Much mighty speech-making there has been, both in and out of Parliament, concerning Tom, and much wrathful disputation how Tom shall be got right. Whether he shall be put into the main road by constables, or by beadles, or by bell-ringing, or by force of figures, or by correct principles of taste, or by high church, or by low church, or by no church; whether he shall be set to splitting trusses of polemical straws with the crooked knife of his mind or whether he shall be put to stone-breaking instead. In the midst of which dust and noise there is but one thing perfectly clear, to wit, that Tom only may and can, or shall and will, be reclaimed according to somebody’s theory but nobody’s practice. And in the hopeful meantime, Tom goes to perdition head foremost in his old determined spirit.
This is from Bleak House, and I couldn’t agree with it more. We need less thinking and more doing.
The British have a habit of going into their big changes as if under anaesthetic.
—Lord Richard Wilson, former Cabinet Secretary
When making this quote, which I discovered whilst reading Peter Hennessey’s latest brilliant offering, The Secret State, Lord Wilson had in mind two major policy decisions of the last 40 years: Britain’s accession to the European Community in 1973 and devolution plus human rights legislation in the 1990s.
To this, I think we can potentially add a third “big change under anaesthetic” if the British public votes for a change in the voting system to the Alternative Vote.
This post isn’t the place to discuss the merits or otherwise of AV. But it is the place to register the fact that there hasn’t been very much debate at all about the referendum, and that we’re a matter of weeks away from a vote that would have a considerable effect in the short, medium and long terms on the conduct and effects of politics in this oldest of parliamentary democracies.
My apologies for not blogging much over the last few weeks. The most ridiculous combination of events has conspired to prevent much else other than work. There are no signs that this will change soon, but fortunately my esteemed and brilliant fellow blogger Phil is keeping us going.
In the meantime, how about this quote from a Lib Dem Minister, when asked what he would do about taking messages he was getting from party members to his Tory counterpart (who happens to Andrew Lansley):
We cannot operate by negotiation, but I will take the messages back.
I know we’ve not historically had many coalition governments is the country, but isn’t that exactly what coalition government is?
I’m not sure why, but this quote from General McClellan – a sort of antihero in the American Civil War – stood out for me when I read it a few days ago:
It has always been my opinion that the true course in conducting military operations, is to make no movement until the preparations are as complete as circumstances permit, & never to fight a battle without some definite object worth the probable loss.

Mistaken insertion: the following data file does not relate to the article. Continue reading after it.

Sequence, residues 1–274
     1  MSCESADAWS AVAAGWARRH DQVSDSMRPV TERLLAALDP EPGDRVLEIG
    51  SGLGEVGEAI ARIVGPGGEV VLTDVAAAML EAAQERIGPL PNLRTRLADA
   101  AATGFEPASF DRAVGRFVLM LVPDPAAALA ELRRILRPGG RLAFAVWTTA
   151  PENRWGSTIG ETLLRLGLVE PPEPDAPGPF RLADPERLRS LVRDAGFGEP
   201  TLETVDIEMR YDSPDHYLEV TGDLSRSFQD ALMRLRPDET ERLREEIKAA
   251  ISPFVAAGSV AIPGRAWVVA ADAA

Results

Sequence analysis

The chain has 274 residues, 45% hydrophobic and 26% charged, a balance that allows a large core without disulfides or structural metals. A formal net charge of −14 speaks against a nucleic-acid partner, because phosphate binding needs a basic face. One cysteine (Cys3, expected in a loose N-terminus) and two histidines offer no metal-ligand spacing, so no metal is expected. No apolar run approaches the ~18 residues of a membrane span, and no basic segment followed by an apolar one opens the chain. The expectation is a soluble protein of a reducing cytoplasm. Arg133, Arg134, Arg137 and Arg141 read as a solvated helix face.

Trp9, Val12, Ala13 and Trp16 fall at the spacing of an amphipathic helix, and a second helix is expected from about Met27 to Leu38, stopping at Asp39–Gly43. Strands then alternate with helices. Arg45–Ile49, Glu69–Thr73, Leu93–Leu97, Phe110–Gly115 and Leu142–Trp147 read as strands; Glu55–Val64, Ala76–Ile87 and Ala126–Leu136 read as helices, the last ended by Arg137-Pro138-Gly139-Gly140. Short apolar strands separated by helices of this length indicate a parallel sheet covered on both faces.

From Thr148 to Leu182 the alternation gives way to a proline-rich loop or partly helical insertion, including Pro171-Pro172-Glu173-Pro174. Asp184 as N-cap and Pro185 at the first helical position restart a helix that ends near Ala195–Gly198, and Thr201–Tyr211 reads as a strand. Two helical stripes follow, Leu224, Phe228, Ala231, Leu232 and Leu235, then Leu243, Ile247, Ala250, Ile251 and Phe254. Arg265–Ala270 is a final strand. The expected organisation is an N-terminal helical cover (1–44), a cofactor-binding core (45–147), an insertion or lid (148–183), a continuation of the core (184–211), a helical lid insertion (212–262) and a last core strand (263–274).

To know enough about many things is vital. It is how we stay broad in our vision while building intellectual capital and deepening the conversation[.]. But it also means being painfully aware that behind the level of insight we need to have there is so much more we would love to be able to understand and explore.
— Matthew Taylor, writing on his continually excellent blog
Sometimes politicians talk as if government and society were in a zero sum game: more government necessarily means less society, and less government means more society.
— Geoff Mulgan (writing about the Big Society here)
How we deal with these things will affect our economy, our society – indeed our whole way of life. The decisions we make will effect every single person in our country. And the effects of those decisions will stay with us for years, perhaps decades to come.
— David Cameron.
(It is at this point in time that I’d like to point out it’s David Cameron, George Osborne and Nick Clegg making these decisions that will stay with us for years, perhaps decades to come. Good luck to us, eh?)
If you wanted to talk to the Lib Dems about electoral reform they were absolutely open to the conversation.
If you wanted to talk to them about public service reform. If you wanted to talk to them about the hard issues on the economy. If you wanted to talk to them about the difficult questions that government is actually about.
They weren’t up for it. That was the problem.
Electoral reform doesn’t change the nature of the decisions: on the economy, on public services, on welfare, on anything.
Before I tell you who said that, just consider first whether you agree with it.
Now, it was this chap speaking on Newsnight on Tuesday.
[O]n the economy, they seem to be buffeted this way and that, depending less on where they think the country should be, than on where they think public opinion might be.
— Tony Blair, speaking on the Tories during a speech he gave in Sedgefield this week.
Marbury picked this particular line up, and he’s right to emphasize the key distinction between responding to public opinion and shaping it.